What’s New in Chromatography?
Parsing parosmia with GC olfactometry, molecular encryption with LC-MS, and many more chromatography research highlights
James Strachan, Lauren Robertson | | 2 min read | News
The first early reports identified a loss of smell as one of the cardinal symptoms of COVID-19. With time, it became apparent that some went on to experience parosmia, a condition in which familiar smells become distorted and disgusting. In order to gain insight into the mechanisms involved, researchers from the University of Reading used gas-chromatograph olfactometry to separate out the chemicals that make up the smell of instant coffee and let several people with parosmia after infection smell them one at a time. They were able to identify 15 molecular triggers. The research could aid in the development of diagnostics and therapies for this condition in the future.
Data security is a hot topic these days and digital encryption keys have become commonplace. In recent years, molecular encryption strategies have emerged, with researchers using DNA chains and polymers to store and transport encryption keys. Now, a team of US-based researchers have encoded a 256-bit cipher key into the sequences of eight 10-monomer-long oligourethanes. The molecular-based key was embedded in the ink of a personal letter, mailed to a third party, recovered using the same sequential analysis method (which involved high-resolution LC-MS), and then used to successfully decrypt The Wonderful Wizard of Oz.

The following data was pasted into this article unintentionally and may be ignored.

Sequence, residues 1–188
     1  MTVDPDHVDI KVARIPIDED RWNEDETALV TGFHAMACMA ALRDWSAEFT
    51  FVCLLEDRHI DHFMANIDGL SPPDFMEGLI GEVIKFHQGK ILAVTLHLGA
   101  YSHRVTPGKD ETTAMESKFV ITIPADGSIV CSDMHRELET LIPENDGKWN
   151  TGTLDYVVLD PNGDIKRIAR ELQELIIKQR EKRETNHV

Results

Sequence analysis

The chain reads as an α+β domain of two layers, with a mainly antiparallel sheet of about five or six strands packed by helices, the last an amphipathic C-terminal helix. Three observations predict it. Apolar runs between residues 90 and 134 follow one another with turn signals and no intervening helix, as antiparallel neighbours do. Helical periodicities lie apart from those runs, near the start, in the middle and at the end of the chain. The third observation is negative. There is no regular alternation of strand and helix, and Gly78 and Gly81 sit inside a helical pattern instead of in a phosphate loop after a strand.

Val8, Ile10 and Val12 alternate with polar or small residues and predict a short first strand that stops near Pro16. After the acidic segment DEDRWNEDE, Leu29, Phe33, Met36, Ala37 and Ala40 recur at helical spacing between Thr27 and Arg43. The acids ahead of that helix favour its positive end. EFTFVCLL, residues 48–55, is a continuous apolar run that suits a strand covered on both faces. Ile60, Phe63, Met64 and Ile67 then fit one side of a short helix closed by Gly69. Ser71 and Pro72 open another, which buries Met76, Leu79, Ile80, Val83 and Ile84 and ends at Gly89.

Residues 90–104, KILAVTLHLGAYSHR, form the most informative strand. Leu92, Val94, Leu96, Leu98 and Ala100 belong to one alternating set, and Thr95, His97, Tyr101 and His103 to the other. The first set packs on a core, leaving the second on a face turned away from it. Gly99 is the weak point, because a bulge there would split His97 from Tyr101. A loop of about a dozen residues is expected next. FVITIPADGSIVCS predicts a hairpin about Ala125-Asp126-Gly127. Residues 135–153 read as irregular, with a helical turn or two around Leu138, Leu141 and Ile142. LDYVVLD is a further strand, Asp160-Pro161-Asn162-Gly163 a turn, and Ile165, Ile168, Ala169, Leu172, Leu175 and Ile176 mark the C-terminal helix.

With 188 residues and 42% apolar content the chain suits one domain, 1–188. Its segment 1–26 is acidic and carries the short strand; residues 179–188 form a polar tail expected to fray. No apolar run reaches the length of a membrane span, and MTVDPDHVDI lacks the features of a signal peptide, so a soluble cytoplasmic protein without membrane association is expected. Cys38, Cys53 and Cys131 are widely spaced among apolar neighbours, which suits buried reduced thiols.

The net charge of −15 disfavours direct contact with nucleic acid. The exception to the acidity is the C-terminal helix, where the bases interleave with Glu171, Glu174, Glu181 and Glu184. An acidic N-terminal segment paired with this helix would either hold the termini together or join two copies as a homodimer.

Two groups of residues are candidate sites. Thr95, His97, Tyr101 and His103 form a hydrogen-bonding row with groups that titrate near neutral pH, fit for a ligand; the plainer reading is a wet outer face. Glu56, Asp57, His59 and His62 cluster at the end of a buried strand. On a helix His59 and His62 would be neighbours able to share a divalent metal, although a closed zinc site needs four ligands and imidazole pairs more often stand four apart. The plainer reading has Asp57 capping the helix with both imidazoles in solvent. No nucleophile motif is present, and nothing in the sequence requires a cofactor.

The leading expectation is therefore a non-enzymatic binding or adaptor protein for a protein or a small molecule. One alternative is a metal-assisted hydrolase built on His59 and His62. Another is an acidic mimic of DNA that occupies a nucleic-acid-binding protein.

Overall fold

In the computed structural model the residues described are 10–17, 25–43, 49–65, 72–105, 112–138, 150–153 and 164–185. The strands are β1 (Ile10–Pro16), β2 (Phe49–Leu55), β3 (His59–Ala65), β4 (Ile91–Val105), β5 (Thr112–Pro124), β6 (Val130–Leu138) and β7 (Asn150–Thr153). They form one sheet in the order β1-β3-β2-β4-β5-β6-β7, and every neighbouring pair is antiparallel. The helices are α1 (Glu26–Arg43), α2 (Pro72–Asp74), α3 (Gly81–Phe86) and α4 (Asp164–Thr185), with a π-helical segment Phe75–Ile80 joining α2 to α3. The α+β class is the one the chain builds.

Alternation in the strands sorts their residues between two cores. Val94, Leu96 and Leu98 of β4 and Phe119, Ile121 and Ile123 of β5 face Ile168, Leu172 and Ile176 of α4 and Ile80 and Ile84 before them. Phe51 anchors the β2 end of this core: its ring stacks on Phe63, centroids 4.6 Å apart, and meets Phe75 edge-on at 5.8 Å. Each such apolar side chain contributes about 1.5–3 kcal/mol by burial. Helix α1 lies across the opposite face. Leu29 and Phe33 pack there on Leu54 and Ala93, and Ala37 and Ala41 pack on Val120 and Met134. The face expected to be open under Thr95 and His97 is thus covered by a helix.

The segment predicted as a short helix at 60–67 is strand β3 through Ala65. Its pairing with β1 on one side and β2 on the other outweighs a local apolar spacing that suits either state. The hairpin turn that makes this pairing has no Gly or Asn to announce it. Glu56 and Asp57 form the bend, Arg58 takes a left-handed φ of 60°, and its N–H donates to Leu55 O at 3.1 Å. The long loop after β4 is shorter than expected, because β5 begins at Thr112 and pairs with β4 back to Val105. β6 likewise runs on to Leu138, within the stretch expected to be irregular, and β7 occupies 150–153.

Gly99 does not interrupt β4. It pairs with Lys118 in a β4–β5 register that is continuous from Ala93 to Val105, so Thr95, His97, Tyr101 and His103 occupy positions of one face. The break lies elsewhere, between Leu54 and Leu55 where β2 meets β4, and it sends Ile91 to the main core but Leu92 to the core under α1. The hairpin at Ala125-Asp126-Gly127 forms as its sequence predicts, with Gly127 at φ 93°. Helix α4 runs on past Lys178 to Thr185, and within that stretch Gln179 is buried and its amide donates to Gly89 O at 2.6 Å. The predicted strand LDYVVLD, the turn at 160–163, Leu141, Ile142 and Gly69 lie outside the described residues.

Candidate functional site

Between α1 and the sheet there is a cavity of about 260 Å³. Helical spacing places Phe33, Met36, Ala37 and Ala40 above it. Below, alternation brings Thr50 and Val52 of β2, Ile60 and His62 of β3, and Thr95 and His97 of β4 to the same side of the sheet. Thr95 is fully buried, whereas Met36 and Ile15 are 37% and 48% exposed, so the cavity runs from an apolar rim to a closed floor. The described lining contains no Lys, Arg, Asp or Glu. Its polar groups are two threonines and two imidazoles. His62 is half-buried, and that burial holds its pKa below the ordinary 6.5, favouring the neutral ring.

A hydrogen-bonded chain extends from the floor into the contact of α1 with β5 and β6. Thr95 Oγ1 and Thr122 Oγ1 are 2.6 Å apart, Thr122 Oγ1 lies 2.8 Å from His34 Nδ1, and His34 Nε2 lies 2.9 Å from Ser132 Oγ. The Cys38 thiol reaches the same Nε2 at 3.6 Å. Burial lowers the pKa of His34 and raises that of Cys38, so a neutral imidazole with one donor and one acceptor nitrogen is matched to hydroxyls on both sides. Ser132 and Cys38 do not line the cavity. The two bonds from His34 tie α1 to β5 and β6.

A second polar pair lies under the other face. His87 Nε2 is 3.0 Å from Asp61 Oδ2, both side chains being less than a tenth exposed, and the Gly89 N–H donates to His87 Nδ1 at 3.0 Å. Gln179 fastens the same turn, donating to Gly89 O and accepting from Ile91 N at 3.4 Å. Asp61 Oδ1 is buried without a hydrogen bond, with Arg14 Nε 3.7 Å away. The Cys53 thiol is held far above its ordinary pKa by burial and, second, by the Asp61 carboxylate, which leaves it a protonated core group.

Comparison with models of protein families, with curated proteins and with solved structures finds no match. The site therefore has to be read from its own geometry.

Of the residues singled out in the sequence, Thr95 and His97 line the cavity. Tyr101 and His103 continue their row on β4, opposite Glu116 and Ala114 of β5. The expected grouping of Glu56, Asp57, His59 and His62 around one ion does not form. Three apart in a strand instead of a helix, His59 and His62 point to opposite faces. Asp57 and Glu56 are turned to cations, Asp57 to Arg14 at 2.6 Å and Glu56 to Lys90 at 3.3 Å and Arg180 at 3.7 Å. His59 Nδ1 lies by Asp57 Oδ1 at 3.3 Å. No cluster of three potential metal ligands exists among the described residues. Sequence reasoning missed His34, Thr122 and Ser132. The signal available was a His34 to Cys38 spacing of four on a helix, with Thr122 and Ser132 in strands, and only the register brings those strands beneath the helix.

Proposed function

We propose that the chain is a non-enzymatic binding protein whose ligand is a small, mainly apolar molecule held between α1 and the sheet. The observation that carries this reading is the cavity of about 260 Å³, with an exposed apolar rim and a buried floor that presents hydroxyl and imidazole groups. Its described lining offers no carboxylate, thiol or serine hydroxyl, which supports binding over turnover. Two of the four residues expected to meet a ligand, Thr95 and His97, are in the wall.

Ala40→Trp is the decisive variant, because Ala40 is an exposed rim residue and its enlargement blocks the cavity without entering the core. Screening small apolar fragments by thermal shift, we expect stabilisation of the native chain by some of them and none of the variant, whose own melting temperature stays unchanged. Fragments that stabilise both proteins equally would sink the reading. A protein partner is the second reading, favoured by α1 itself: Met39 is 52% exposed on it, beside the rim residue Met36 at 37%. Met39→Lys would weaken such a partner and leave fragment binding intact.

Using four unrelated strains of C. elegans originating from different parts of the world, a group of worm biologists have developed a model system to study individual differences in metabolism. The team carried out a series of experiments including gas chromatography-mass spectrometry, high performance liquid chromatography-mass spectrometry, and metabolic network analysis to identify differences and variations in metabolites between the four strains. "This work provides an important step toward the development of metabolic network models that capture individual-specific differences of metabolism and more closely represent the diversity that is found over entire species," said Marian Walhout in the press release. "Employing this system, we can begin studying interindividual metabolism and the unique interplay of metabolites, diets and environments on an individual level."
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